Relief-printed wallpaper production with JamJar Flowers


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Different steps of the elevated print without colour and with colour © Factum Arte

Pressed flowers deteriorate over time, and each specimen's individual beauty and character, the evidence of its unique nature, is lost. Once a flower has bloomed it is already dying. Through scanning and rematerialising we can capture that material presence at a moment in time, through an innovative mix of art, science and technology.
JamJar Flowers has teamed up with Factum Arte to rethink the presentation of nature with today’s technologies. After seeing JamJar’s work at an exhibition in Covent Garden for the botanical magazine 'Rake's Progress', Rupert Wace brought Melissa Richardson together with Adam Lowe. This meeting in the months before the Covid pandemic, has resulted in a period of intensive pressing, mounting specimens, scanning, composite photography, material testing and elevated printing that is in direct dialogue with Alois Auer’s nature printing process developed in Vienna in the 1840s. The main difference is that we are not limited to actual size – the plants can grow like Triffids into vast specimens with extraordinary detail.

The first prototypes of these super-scaled specimens of pressed plants were on show at JamJar’s exhibition in the Tythe Barn at Thyme, 'The Nature of Thyme' (15 June - 12 September 2021), set amongst the ancient water meadows from which the specimens were gathered. 

A new collaboration between Factum Arte, JamJar Flowers and Rupert Wace has recently been experimenting with pressed flowers, using the innovative elevated printing system developed by Factum's long-time partner, Canon Production Printing (formerly Océ - A Canon Company).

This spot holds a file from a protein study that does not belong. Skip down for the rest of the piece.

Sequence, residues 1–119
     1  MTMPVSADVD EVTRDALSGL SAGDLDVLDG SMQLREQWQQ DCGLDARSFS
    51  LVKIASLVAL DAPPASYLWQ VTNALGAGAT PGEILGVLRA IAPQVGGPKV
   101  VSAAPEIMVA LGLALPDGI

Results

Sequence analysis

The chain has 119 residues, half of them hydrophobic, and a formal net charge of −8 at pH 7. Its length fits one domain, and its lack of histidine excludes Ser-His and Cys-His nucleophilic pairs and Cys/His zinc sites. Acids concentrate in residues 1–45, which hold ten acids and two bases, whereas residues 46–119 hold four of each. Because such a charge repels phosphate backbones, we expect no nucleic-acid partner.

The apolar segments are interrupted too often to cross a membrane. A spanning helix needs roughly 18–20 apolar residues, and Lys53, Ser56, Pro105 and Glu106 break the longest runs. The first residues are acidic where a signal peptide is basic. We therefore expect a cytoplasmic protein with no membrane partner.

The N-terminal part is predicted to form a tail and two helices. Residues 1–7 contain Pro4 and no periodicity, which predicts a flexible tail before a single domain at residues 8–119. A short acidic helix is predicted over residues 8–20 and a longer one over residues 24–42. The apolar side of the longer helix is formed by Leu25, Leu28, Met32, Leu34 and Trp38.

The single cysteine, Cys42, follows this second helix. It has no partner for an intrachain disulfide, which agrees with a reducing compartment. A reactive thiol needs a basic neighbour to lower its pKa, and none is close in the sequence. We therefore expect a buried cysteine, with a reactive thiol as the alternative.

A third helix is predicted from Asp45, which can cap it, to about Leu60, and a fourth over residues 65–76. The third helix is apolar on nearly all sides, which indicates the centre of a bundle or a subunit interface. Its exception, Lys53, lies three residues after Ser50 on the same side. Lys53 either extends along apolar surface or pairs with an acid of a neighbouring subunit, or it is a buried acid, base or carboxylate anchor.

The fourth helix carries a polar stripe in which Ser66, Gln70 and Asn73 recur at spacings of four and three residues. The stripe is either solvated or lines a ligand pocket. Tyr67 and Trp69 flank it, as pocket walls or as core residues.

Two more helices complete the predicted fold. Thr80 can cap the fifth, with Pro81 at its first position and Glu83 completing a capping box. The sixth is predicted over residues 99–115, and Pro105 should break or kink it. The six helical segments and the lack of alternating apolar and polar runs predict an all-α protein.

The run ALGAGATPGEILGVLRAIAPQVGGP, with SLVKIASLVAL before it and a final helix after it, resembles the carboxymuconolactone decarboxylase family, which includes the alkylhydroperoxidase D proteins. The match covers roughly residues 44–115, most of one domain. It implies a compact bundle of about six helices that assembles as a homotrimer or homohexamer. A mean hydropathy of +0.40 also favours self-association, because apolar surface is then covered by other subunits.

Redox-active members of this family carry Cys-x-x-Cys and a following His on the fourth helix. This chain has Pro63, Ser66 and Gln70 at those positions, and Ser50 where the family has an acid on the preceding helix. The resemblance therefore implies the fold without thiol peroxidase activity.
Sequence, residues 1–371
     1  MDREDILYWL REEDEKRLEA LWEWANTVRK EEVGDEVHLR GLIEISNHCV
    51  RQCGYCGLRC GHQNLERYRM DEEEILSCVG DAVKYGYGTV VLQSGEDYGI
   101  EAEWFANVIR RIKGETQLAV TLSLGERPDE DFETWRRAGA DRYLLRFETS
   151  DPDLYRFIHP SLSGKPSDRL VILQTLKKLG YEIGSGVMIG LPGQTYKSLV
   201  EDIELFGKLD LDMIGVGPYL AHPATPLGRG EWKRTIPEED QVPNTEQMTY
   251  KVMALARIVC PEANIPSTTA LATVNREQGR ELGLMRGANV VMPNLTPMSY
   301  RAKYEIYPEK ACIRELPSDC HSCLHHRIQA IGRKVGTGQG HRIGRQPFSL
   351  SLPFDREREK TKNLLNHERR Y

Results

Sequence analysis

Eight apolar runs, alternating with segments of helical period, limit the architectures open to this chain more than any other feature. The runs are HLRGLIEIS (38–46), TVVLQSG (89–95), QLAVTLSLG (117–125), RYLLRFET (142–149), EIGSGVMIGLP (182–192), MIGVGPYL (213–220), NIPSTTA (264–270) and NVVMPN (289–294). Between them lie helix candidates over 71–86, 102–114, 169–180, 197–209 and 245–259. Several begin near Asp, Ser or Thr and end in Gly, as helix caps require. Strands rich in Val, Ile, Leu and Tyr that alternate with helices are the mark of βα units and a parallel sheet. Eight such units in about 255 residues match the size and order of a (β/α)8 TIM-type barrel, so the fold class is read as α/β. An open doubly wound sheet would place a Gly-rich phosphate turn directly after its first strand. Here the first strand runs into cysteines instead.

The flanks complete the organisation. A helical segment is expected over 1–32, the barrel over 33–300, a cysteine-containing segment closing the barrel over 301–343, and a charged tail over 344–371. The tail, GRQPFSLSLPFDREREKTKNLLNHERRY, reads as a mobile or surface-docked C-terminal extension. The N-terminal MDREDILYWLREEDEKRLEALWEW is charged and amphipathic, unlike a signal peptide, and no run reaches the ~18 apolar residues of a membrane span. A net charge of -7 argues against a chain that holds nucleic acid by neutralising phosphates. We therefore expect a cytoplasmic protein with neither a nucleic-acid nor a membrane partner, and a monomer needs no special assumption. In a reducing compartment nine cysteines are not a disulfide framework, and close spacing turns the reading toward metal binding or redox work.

From Wenzel Jamnitzer’s cast gold flowers to Japanese gyotaku, nature printing is one of the oldest and most diverse art forms. Factum's approach to nature printing resurrects the tradition of Alois Auer using digital recording and elevated 3D printing to preserve the beauty of pressed flowers indefinitely. Employing what are perhaps the world’s first 3D-printed colour transfers, these designs for wallpaper panels combine JamJar's fine skills in flower pressing and specimen gathering with the modern crafts of digital scanning and colour printing in relief.

A wide catalogue of flowers​ was first scanned with the Lucida 3D Scanner and photographed at high resolution, creating a rich digital archive of blooms. This data was ​then printed in relief and colour onto transfer paper and the ​3D prints of individual plants were applied in different configurations to different surfaces - from a flexible acrylic looking like raw plaster to watercolour paper. The results are far more stable and easier to display than the original plants. An app giving the ​Latin and common names of each plant is also under development.

JamJar Flowers was on display with this project at RHS Chelsea Virtual Flower Show from 18th to 23rd May 2020.

Pressed flowers being recorded with Lucida 3D Scanner © Factum Arte

Pressed flowers (with names) being recorded with Lucida 3D Scanner © Factum Arte

Pressed flowers being recorded with Lucida 3D Scanner in Factum's London headquarters © Factum Arte

Elevated printing process © Factum Arte

Experiments with different applications © Factum Arte

Positioning the 3D-printed flowers, still on adhesive paper © Oak Taylor Smith for Factum Arte

© Oak Taylor Smith for Factum Arte

3D-printed flowers applied on the wallpaper

3D-printed flower applied on the wallpaper (detail) © Oak Taylor Smith for Factum Arte

3D-printed flower applied on the wallpaper

3D-printed flower applied on the wallpaper (detail) © Oak Taylor Smith for Factum Arte


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